Saturday, October 4, 2014

Beautiful Oblivion Review: A Huge Disappointment

*SPOILERS! This is more like a rant, not a review, and I'm not being careful. So, please don't read this if you haven't read the book!

There hasn't been a book in a long time that has left me feeling so enraged. So disappointed. Like I wasted six hours of my life when I could have been reading a really amazing story that left me with all the happy feels in the end. But, to my utter regret, Beautiful Oblivion was not that kind of reading experience.

Rating: 2 Unbelievably Disappointing Stars!

Let me start by saying that I LOVED Beautiful Disaster! I even wrote an awesome review about it filled with Lady and the Tramp gifs. (Yes, that happened). And when I heard that Jamie McGuire was going to give the Maddox boys their own books, I was freaking out! I loved Trent so much, and I couldn't wait to get inside his head and figure out what makes this Maddox boy tick.

So imagine my shock and utter disappointment WHEN HE DIDN'T HAVE A GODDAMN POV. I get that an author has to do what they feel is necessary in a story, and that they have all the power. They write for themselves, first and foremost. But Jamie McGuire basically promised me Trent's story. Not Cami's. I wanted to dig deep underneath the quiet and funny guy to who he is and what he wants out of life. So, I was pissed. I think that initial reaction of mine clouded my reading experience, but I just don't care. Why couldn't this have been written in double POVs? Did he just not have a lot to say? Because I know, for a fact, that that is not true. Trent wasn't afraid to speak his mind, and I felt that readers were missing a very vital piece in the story when all they had was Cami's perspective. It left me feeling like the book wasn't whole.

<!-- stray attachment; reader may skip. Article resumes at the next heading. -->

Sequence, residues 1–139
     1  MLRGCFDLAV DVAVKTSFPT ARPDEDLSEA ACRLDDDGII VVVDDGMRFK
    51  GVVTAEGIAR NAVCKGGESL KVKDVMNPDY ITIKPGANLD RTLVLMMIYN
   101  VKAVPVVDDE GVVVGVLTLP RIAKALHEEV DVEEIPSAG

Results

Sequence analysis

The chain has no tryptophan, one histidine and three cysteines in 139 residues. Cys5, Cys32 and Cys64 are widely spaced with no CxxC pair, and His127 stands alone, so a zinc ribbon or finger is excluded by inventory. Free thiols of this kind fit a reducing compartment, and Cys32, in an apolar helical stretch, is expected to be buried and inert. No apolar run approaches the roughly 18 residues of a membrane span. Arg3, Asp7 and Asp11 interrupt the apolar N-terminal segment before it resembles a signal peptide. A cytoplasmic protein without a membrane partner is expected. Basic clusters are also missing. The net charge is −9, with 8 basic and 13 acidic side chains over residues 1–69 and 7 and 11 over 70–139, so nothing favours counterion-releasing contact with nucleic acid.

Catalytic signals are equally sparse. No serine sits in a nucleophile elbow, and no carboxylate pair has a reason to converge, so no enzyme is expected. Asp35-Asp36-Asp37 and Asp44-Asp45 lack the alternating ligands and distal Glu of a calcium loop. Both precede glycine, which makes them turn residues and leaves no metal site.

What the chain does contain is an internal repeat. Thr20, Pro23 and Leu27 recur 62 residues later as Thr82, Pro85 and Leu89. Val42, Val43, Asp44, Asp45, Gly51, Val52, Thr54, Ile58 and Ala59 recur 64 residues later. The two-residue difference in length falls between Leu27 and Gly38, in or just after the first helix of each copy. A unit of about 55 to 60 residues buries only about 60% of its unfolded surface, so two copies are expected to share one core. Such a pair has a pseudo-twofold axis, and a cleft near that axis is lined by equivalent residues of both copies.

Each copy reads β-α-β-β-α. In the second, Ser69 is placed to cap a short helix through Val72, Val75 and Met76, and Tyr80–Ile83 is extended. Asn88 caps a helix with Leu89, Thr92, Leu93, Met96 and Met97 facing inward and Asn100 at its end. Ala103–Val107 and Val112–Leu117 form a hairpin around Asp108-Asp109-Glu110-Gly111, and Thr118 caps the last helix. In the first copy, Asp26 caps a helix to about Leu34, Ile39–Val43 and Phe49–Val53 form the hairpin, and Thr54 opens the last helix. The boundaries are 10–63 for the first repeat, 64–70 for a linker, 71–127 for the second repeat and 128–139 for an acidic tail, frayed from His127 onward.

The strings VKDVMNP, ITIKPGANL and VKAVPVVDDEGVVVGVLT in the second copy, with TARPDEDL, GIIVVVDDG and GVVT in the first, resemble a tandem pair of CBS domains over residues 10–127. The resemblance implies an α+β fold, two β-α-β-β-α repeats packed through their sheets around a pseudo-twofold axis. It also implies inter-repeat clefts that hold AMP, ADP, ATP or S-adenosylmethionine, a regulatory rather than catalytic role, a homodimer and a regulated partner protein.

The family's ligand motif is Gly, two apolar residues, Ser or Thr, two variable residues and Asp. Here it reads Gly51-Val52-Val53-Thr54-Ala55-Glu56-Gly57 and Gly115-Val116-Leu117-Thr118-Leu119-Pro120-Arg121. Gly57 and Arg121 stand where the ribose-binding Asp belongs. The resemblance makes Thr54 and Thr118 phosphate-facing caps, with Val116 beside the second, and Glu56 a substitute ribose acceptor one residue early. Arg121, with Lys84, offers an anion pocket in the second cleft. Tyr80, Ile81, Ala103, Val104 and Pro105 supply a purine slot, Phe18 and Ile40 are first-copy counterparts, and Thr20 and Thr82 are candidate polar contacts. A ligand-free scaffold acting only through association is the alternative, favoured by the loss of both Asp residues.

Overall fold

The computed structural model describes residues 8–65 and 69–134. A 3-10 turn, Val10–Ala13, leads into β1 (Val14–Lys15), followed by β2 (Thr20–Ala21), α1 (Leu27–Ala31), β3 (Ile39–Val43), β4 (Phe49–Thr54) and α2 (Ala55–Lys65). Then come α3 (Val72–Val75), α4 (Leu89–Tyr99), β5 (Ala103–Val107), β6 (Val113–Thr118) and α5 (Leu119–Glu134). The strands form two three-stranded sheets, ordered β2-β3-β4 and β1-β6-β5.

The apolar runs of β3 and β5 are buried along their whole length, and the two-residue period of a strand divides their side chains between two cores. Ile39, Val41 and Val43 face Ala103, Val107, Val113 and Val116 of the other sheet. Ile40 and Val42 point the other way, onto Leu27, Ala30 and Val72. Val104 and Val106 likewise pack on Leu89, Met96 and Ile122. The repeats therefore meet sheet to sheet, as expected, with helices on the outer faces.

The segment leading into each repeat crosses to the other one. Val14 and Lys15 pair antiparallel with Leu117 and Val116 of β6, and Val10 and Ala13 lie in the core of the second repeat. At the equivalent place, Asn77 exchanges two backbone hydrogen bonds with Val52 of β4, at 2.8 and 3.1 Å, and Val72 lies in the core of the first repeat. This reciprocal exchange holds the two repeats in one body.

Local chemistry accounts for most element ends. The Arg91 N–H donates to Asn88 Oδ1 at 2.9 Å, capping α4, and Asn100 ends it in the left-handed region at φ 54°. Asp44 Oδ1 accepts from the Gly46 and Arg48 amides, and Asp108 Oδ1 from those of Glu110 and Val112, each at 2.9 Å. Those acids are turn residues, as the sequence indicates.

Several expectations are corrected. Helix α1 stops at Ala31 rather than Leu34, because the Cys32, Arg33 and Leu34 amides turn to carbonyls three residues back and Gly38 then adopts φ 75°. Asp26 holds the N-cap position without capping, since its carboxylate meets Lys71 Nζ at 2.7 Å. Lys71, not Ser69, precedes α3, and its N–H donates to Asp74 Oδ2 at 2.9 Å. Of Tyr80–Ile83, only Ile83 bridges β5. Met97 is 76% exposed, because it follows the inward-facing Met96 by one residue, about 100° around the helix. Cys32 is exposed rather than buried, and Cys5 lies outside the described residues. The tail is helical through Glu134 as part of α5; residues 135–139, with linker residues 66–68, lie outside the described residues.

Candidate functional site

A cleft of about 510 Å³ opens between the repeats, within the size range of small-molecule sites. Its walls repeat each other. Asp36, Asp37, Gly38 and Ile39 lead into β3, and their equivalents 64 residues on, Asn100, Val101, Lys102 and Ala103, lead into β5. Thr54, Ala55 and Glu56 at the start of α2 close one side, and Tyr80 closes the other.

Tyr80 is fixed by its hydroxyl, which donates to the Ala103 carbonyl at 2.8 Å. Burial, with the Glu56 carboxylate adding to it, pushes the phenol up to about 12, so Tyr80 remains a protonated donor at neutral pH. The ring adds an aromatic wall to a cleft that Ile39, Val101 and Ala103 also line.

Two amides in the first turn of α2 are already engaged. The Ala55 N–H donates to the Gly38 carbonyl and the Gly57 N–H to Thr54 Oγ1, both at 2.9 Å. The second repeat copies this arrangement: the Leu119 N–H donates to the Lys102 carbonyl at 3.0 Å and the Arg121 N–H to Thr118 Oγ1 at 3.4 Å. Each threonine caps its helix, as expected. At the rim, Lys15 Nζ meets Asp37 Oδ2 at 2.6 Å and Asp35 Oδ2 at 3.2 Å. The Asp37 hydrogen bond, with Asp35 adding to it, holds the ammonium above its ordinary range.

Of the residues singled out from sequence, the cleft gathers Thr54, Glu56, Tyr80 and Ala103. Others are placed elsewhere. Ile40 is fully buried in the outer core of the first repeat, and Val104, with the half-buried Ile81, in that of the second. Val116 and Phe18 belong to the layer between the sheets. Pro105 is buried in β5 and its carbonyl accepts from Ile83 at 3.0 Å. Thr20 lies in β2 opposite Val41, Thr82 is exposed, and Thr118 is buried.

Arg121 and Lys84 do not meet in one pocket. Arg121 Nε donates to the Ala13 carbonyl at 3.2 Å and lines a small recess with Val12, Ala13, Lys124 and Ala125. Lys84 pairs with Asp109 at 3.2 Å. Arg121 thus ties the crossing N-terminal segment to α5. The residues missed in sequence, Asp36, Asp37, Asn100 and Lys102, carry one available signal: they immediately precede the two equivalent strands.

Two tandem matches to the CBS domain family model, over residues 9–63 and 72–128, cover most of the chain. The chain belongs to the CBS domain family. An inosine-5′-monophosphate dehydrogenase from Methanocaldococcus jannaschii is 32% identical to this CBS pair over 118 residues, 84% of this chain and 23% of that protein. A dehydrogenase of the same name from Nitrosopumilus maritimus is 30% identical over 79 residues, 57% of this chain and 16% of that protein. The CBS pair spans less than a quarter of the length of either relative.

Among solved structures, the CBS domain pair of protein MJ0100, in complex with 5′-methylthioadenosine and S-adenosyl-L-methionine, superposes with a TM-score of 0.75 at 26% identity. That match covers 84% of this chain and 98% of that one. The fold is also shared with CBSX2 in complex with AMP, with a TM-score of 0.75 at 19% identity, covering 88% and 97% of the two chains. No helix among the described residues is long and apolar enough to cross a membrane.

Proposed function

Not to mention, I didn't totally care for Camille's POV (in hindsight, that could be because I was so mad about the one-sided story). I just didn't feel that strongly for her character. She had a lot going on in her life, working at the bar and maintaining good grades in her classes (which have to be online since she never went to the damn school). But she's also been through a lot with her family and is still the black sheep in their eyes. She's spent so long being on her own and with no one to take care of her. I understood her need for independence and control, especially with what her childhood was like. That made a lot of sense. But I also felt that Cami was judgmental, insecure, and sometimes childish. There was a lot of girl hate on all of the single women in the story, all girls who have striking features and could catch Trent's eye so much more than her mousy and plain face could (Honey, you're not ugly, so stop being pitiful). She also didn't try hard enough to change her situation with her family. I get it--she didn't want to rock the boat. But she lacked strong character development, because in the end, after all that she went through, she was still in the same place she was in the beginning of the book. Just with a boyfriend named Trenton Maddox. 

But Trent had the least amount of character development, which just makes me so sad. There was obviously a few things he needed to work through, and on, but he didn't. And I kind of hated how he was portrayed in this book. He was a jealous, insecure, and needy control freak. Like I said, I felt like the story was missing something so vital--his perspective. I just never got to know him underneath all of the layers he tries to hide. He was a lot less serious than Travis and with more control. He could fight, but he didn't like to. He left college after the accident that killed a girl named Mackenzie. Who was Mackenzie and what was his relationship with her? We never find out (you'll have to correct me if I'm wrong, but I don't think it was mentioned at all in this series). Cami never outright asked him what happened that night or why he can't let a girl drive for him. The author barely scratched the surface with Trent, which was so disappointing. He never changed by the end of the book, and that is just saddening. Your character has to change, has to be pushed and poked and prodded. Otherwise, what the hell is the point of the book? The love story? *snorts* That was as disappointing as the character development.